As they waited, they talked. And we constantly overheard the names of the presidential candidates — Morsi, Shafiq, Morsi, Shafiq.
A jewelry store employee, Karim Gomaa, says, if we elect Shafiq, why did we have a revolution?
He says he favors the brotherhood because Egyptians are naturally religious. He says the shop owners just want the army to protect their money — which prompts his boss to speak up
People who vote for Morsi are deluded, the shop owner says.
As we cross this city, we find many people trying to make sense of the country's upheaval.
Their new freedom has come at a cost, forcing many to adjust their economic expectations.
So we slip out of central Cairo at the tail end of the morning rush, creeping along a highway with presidential campaign billboards along the entire length of it.
We reach the Alexandria Desert Road, out into the desert as the name suggests, connecting Cairo with ever-spreading development as this city expands relentlessly.
An Oasis Outside Cairo
We arrive in a new suburban gated community where construction crews are at work under the direction of an Egyptian company called SODIC.
We're standing on a green lawn, and yet right across the highway is desert, absolute desert.
Dasha Badrawy, the company's chief business development officer, drives us around the development. "So this is the project called 40 West that I was telling you about, and now this is Beverly Hills," he says.
The Beverly Hills homes are not really on a Beverly Hills scale. But other neighborhoods in this development feature multimillion-dollar houses.
Down the street you find a mall, an international school, a golf course designed by two-time British Open champion Greg Norman.
The fairways are surrounded by elegant new homes with acres of glass, awaiting the next errant shot.
This kind of development flourished in the last years of Mubarak's rule. And when you hear how Badrawy's company has adapted to post-revolutionary times, you learn a lot about a changing Egypt.
"Pre-revolution, Egypt was looking at a period of very high economic growth, lots of affluence, there was an emerging middle class," he says. "There were investment bankers in multinational companies that were paying heavy salaries. So we were looking at 8 percent economic growth, and people's aspirations were high."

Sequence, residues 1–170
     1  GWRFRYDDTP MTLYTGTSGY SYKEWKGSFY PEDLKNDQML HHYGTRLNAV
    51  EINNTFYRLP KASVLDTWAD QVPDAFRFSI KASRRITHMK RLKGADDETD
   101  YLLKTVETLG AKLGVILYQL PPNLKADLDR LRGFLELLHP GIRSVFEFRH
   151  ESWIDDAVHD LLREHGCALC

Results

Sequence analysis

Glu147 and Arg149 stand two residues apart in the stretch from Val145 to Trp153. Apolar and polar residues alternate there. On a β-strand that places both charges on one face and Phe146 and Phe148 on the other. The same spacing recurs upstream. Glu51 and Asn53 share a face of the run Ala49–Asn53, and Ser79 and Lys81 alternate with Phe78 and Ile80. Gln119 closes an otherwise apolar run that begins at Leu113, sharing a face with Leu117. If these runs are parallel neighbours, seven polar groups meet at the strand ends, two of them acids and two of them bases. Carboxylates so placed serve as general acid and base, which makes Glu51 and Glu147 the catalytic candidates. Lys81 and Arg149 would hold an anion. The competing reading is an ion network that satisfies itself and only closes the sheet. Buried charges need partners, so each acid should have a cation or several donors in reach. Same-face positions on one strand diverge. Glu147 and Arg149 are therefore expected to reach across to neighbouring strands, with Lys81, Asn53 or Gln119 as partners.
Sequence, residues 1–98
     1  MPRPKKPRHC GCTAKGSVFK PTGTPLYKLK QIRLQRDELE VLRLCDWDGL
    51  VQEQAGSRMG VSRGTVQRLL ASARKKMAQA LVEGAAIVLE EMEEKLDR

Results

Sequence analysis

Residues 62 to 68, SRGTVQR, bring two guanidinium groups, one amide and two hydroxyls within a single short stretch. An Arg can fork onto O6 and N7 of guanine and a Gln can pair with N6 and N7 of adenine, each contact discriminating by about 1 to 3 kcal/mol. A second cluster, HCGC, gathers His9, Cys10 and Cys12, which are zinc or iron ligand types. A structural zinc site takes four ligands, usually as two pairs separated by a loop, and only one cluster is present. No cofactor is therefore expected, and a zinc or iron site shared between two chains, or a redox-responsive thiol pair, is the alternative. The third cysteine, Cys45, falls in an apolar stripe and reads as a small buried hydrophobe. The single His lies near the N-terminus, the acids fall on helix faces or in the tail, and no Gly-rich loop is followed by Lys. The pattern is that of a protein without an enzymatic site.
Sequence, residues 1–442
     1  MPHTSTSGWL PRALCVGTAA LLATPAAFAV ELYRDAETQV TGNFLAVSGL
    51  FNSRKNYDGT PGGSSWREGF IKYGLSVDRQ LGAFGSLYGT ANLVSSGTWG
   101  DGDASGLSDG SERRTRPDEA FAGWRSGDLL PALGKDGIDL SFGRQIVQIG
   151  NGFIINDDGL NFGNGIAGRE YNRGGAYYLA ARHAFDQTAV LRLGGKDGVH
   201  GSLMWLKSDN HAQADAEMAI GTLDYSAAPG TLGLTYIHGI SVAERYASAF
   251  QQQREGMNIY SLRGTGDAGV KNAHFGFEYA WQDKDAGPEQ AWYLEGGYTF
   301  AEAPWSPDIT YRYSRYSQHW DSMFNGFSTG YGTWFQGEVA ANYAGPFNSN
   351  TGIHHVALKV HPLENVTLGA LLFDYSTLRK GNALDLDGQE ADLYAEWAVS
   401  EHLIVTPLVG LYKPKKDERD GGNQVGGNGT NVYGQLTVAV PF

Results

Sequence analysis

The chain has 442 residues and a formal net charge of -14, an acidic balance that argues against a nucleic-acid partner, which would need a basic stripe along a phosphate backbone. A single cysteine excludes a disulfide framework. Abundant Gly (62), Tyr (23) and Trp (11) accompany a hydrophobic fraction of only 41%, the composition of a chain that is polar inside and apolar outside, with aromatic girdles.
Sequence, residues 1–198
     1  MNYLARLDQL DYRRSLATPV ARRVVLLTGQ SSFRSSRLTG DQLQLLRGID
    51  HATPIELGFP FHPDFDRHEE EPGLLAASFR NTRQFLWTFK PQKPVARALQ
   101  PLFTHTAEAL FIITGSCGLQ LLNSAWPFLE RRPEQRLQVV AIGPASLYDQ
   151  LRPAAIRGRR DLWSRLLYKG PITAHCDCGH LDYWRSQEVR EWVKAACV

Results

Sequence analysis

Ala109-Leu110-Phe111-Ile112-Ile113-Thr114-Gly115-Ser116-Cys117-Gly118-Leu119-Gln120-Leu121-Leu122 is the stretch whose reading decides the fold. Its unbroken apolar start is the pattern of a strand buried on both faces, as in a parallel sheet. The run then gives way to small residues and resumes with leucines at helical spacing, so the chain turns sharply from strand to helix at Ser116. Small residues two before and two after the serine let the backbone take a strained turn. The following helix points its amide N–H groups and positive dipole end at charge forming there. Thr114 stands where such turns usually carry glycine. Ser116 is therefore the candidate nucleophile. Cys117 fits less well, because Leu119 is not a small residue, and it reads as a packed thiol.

But, he adds, "since the revolution, there's been a bit of a reset."
An Economic Reset
After the revolution SODIC's former chairman disappeared amid corruption charges. Prosecutors, however, said the company wasn't involved, and it continued construction.
"I think we've shown ourselves to be resilient; the economy is still standing on its feet, barely," Badrawy says.
And pointing at a giant scale model of the community, Badraway shows a new neighborhood that's still upscale, but designed for leaner times. The houses are smaller, the prices are lower, and they're marketed to appeal to people seeking safety.
"Security has become a big issue in the last year and a half," he says. "Now there are incidents, and so I think one of the reactions of these people to new circumstances is, 'What about security?' "
Residents pass through two guarded gates on their way home. They can live many miles from the crowded streets of central Cairo, and the political turmoil of Tahrir Square.
Even in this economy, SODIC reports sales are up sharply. Badrawy sees hope in that, hope for his company and for Egypt, though he still sees challenging times ahead. They are some of the hardest since he moved here 12 years ago from London.
He says the Muslim Brotherhood is strongly pro-business but may not do well in the long term. And if the army's candidate wins, he worries about protests and social disorder.
I asked if he might return to London?
"Well, let's put it this way, I'd be very concerned if the Islamists get in," he says.